Are you using the mobile application or web? In the mobile application are currently some issues, we know about that, sorry for any difficulties.
If you add favourites in the web browser, is should always add to favourites list.
We will try to fix it soon.
Note that for US discussions (and other NWS products), you'll probably want to stick to using the new API as described at the last link above as the first two links will, eventually, not work.
The latest Service Change Notice regarding NWS forecast URLs is here:
Hi! Sorry for my so late reply !
I confirm @siim statement: after disabling ublock, the red message is gone.
And ublock reports this url in its log: https://node.windy.com/node/geoip?source=testConnection
geoip is highlighted in red in ublock logs, so I guess this is the trigger.
It's not critical for my personnal use, I can just disable ublock for my page.
But in a general way, it may be a good idea to modify this keyword as suggested by @siim
For reference if needed:
uBlock Origin v1.18.16
Rain areas are more stable within the Rain-Thunder display but rain can move quickly, or else just start and stop randomly.
But with regard to thunderstorms, they are short-term events and their occurrence is often very patchy and local. So they'll rarely 'move' smoothly as what you see displayed is a series of separate storms that are forecast to form and decaying in less than two hours (usually).
But the model moves foward in three-hourly steps. So it's unlikely to become smoother until the model's time steps are also about 1-hour long. The AROME model has 1-hour steps now but its coverage is very limited.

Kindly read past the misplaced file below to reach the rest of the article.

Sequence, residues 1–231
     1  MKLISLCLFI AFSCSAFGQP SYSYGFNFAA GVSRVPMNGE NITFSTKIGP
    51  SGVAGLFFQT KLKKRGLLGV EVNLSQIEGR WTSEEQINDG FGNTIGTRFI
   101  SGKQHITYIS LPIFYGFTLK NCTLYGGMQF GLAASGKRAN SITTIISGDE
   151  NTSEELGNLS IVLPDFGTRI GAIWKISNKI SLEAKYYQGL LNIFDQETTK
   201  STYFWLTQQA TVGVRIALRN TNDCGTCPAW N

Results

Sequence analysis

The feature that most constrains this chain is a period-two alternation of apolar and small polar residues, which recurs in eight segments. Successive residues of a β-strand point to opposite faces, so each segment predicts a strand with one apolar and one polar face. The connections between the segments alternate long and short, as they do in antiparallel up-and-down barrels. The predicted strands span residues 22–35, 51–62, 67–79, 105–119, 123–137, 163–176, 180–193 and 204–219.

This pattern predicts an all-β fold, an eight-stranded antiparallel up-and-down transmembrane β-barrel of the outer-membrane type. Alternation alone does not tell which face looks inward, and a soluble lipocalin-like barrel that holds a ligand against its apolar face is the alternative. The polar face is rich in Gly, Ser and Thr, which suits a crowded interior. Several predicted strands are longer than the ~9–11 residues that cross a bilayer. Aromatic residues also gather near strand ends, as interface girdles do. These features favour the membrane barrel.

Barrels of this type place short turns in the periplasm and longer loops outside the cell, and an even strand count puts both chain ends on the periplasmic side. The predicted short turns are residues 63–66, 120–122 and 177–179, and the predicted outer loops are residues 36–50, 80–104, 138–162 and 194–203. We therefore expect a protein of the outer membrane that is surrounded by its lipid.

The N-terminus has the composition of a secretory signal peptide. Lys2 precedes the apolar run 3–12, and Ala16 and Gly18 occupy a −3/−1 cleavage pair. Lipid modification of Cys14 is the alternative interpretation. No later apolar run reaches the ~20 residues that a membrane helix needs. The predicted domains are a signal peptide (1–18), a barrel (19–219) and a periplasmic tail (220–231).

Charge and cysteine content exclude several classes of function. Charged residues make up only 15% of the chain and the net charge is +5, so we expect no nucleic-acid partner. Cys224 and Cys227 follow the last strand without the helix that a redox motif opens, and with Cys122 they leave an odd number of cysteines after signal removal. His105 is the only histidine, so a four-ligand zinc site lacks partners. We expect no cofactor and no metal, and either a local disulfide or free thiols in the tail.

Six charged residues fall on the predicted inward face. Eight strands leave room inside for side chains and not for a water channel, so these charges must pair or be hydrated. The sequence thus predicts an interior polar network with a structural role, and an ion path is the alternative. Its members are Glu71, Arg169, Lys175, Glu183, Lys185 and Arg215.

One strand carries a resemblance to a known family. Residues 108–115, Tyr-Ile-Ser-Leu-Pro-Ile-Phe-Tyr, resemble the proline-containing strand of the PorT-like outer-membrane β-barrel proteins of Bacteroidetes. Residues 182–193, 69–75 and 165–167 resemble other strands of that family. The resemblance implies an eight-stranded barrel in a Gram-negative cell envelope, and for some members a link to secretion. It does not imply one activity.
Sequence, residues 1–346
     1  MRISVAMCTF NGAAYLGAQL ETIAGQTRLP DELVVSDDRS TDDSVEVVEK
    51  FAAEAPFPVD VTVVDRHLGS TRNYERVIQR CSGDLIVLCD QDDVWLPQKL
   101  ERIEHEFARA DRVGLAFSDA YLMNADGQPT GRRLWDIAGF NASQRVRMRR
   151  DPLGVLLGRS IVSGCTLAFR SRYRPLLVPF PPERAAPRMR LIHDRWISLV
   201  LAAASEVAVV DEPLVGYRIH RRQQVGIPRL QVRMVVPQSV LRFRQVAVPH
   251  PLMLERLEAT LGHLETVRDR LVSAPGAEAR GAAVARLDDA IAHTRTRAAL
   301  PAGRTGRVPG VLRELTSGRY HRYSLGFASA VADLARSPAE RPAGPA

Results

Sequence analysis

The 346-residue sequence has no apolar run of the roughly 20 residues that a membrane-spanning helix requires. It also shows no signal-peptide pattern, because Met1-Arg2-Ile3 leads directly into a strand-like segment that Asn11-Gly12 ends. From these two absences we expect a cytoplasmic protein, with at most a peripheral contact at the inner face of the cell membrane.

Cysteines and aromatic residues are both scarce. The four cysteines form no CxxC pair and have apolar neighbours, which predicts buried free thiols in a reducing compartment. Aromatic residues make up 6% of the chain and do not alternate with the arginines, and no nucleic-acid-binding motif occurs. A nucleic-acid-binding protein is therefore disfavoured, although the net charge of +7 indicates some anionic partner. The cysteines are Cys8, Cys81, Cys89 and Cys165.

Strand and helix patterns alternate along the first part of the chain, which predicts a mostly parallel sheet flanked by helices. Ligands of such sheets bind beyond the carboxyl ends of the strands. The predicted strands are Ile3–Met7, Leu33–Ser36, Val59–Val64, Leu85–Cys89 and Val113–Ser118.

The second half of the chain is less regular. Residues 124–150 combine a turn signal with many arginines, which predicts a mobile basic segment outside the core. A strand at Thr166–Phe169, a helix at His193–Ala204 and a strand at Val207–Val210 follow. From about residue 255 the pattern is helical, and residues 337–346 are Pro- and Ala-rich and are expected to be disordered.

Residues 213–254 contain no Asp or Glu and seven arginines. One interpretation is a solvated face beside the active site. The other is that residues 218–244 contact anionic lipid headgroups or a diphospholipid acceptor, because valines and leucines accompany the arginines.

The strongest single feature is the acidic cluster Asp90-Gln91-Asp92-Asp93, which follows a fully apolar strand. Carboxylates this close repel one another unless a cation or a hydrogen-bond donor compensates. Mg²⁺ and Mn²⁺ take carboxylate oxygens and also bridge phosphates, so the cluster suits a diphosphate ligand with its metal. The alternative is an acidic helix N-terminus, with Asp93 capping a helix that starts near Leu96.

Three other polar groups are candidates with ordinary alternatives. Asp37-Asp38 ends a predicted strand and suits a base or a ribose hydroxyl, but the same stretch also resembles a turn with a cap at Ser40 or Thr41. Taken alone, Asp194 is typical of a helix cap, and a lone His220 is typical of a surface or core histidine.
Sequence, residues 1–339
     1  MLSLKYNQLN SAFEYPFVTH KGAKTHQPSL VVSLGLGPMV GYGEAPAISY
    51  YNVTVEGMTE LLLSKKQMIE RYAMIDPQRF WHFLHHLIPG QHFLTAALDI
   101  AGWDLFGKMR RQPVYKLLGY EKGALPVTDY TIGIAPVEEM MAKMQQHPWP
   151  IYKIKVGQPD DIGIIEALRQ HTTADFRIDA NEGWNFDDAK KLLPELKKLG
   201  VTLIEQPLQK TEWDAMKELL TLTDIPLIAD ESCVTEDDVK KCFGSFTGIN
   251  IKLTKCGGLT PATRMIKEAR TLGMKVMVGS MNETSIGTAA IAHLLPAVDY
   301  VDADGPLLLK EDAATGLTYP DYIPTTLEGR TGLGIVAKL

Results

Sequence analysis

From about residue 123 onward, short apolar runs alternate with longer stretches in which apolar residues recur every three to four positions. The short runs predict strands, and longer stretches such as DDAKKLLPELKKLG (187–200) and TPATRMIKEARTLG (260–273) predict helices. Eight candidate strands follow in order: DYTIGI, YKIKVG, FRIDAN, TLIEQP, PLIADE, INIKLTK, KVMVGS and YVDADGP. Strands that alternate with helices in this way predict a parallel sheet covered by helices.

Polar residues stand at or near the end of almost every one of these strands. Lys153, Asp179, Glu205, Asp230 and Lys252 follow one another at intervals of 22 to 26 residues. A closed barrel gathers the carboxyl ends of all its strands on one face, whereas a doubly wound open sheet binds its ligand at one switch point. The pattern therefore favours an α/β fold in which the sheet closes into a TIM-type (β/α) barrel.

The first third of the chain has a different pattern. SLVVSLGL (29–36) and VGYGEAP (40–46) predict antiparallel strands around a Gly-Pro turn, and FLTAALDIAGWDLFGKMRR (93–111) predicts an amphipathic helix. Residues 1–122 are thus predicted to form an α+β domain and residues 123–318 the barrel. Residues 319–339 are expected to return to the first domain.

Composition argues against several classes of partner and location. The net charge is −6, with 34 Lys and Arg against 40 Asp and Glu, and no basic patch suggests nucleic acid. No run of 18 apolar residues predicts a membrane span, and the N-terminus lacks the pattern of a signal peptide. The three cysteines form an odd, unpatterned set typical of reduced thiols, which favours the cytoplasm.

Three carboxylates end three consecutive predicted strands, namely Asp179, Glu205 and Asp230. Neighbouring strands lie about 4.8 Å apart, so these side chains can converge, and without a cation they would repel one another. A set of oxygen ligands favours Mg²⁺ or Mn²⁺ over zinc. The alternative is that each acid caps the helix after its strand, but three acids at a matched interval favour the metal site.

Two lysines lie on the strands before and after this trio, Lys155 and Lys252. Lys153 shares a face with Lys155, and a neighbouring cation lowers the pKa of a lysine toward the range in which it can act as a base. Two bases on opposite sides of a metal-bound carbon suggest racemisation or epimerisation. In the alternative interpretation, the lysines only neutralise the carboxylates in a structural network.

The other problem is that the forecast location and formation of any thunderstorm can not be very accurately predicted by a model. The formation process is more chaotic than a model can reliably predict. What you therefore see within the display is only giving you an idea of how likely a storm is within that area and within that time frame. And to indicate the likely storm intensity.
Models can forecast the likely thunderstorm intensity, if a storm does form in an area within a given time. But a model can not tell you accurately if one will form or where.
So even if the display was made smoother, it still would not be reliable, it's just a guide to what's likely to occur in the area if a storm forms.
I'm agreeing with this Radek-M, the legend scale needs to be linear, or at least a lot less radically non-linear, and to cover a wider display range for most of the current overlays, as they're all fairly poorly served by the legend's nonlinear compression, and incapacity to show a full spectrum of colors in the overlay (i.e their shading is not equal). Hoping this can be remedied.